The semiconductor specialist reported revenue of $2.98 billion, toward the high end of its recently narrowed guidance, but down from $3.42 billion in the same period a year earlier. Analysts surveyed by Thomson Reuters had forecast revenue of $2.95 billion.
Excluding items, Texas Instruments earned 36 cents a share, just above analysts' forecast of 34 cents a share.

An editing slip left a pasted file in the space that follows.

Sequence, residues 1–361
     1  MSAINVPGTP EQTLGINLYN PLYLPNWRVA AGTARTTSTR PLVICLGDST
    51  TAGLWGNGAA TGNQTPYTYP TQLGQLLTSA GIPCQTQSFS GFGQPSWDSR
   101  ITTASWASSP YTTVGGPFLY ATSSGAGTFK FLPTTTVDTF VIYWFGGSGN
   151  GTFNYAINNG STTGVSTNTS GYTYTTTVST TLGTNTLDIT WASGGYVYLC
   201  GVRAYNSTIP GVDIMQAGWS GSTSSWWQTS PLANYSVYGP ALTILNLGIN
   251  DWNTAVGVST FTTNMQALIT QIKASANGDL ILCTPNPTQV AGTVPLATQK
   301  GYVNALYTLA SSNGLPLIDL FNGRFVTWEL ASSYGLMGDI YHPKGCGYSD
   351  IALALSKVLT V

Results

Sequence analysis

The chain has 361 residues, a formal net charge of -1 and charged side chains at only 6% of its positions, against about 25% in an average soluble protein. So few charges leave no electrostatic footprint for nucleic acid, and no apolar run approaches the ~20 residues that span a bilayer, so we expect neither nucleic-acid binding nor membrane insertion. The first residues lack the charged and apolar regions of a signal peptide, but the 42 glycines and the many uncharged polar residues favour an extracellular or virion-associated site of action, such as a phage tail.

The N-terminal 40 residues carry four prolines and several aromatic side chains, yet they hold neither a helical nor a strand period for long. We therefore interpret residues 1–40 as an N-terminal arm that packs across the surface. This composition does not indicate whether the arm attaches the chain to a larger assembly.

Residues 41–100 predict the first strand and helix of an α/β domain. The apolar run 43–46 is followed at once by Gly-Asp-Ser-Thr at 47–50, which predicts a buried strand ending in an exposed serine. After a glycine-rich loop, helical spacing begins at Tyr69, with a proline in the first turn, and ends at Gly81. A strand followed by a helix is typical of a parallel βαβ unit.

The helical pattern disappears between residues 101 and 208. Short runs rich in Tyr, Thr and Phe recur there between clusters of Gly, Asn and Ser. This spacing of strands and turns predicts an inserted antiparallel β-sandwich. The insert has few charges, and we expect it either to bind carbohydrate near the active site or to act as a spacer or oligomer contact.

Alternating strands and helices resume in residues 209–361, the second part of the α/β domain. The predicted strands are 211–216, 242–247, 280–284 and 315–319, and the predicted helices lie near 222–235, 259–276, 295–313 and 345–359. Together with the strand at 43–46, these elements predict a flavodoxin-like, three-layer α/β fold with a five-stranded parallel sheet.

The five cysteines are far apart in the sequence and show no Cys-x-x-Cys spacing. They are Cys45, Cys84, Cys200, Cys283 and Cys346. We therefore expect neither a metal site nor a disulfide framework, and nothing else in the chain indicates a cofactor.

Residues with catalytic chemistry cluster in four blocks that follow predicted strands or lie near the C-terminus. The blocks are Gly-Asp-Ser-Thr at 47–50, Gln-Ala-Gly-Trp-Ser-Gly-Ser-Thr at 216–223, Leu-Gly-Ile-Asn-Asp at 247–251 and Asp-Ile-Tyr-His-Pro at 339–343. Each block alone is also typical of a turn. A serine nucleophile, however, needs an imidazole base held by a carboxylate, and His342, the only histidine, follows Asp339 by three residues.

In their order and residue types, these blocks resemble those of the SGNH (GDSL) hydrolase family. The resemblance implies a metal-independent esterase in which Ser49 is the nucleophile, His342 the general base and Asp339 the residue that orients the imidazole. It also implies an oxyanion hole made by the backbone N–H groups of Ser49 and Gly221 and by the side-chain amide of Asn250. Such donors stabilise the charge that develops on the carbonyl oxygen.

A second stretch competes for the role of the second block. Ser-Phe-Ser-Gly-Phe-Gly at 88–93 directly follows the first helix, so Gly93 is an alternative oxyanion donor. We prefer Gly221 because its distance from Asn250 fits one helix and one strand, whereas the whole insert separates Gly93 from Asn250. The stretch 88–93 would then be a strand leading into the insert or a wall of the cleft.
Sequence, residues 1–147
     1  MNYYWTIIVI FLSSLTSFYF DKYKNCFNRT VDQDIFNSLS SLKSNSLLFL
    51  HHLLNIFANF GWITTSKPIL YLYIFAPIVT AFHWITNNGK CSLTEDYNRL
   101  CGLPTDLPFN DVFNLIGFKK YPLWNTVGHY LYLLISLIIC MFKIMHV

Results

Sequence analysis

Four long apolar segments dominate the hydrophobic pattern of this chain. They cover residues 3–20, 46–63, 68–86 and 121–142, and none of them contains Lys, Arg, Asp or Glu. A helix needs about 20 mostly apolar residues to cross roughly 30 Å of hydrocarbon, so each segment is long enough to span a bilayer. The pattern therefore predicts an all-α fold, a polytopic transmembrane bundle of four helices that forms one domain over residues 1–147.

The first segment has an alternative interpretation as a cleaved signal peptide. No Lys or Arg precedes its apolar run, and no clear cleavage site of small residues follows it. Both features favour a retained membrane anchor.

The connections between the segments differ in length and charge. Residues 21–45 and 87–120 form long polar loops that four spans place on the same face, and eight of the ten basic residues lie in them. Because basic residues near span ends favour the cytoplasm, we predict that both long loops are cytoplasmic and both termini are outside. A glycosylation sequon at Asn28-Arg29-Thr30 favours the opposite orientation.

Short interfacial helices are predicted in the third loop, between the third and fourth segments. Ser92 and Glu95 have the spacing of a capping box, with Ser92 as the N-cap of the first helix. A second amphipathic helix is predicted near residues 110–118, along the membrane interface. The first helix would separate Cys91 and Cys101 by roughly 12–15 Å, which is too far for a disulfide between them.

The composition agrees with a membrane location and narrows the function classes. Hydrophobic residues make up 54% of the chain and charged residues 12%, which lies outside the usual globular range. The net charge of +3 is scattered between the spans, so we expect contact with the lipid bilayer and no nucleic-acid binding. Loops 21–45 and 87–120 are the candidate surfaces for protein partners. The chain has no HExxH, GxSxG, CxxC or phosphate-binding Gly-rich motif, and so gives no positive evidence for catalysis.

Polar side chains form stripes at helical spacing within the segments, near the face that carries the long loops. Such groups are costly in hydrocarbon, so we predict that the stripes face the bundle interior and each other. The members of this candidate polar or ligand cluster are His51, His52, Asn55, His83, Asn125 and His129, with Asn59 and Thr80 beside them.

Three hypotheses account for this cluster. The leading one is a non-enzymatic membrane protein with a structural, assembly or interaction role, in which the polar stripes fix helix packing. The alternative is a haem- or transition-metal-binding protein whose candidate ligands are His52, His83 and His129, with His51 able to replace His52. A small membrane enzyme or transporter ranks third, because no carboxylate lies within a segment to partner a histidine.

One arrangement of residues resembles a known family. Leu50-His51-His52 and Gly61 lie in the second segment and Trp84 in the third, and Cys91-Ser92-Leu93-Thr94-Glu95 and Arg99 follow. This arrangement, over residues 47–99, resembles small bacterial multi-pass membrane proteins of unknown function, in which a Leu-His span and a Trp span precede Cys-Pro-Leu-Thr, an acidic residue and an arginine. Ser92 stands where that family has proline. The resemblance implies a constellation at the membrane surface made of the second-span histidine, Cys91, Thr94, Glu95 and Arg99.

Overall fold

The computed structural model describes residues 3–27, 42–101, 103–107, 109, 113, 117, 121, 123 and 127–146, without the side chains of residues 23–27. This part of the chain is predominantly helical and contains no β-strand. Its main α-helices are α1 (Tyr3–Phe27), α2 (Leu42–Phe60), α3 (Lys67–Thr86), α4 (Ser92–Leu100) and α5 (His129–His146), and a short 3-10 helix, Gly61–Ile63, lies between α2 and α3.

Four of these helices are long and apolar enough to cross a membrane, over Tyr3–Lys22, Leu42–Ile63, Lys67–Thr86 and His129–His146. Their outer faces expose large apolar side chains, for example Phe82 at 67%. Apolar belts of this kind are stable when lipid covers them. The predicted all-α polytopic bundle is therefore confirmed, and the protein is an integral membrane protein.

"We continue to operate in a weak demand environment," warned Rich Templeton, Texas Instruments' CEO, in a statement. "Our visibility into future demand remains limited as our lead times are short and our customers are reluctant to commit to extended backlog."The CEO, however, noted that Texas Instruments' strategy is paying off for investors. "Even in the current economy, our strategy is yielding high free cash flow and strong returns to our shareholders," he said. "For the full year, free cash flow of almost $3 billion grew 20% and was 23% of our revenue." Templeton added that Texas Instruments returned 90% of its free cash flow to shareholders through share repurchases and higher dividend payments. Texas Instruments shares dipped 0.5% to $33.29 in extended trading. Fourth-quarter revenue from Texas Instruments' Analog business came in at $1.67 billion, down from $1.7 billion a year earlier. The company's Embedded Processing revenue, however, was $469 million, up from $442 million. Wireless revenue was $317 million, down from $722 million. For the first quarter, Texas Instruments expects revenue between $2.69 billion and $2.91 billion and earnings between 24 cents a share and 32 cents a share. Acquisition and restructuring charges will be 6 cents. Earnings, however, will include a tax benefit of 6 cents resulting from the reinstatement of the R&D tax credit that was retroactive to the beginning of 2012. Analysts surveyed by Thomson Reuters are looking for revenue of $2.89 billion and earnings of 34 cents a share. -- Written by James Rogers in New York. Follow @jamesjrogers >To submit a news tip, send an email to: email@example.com.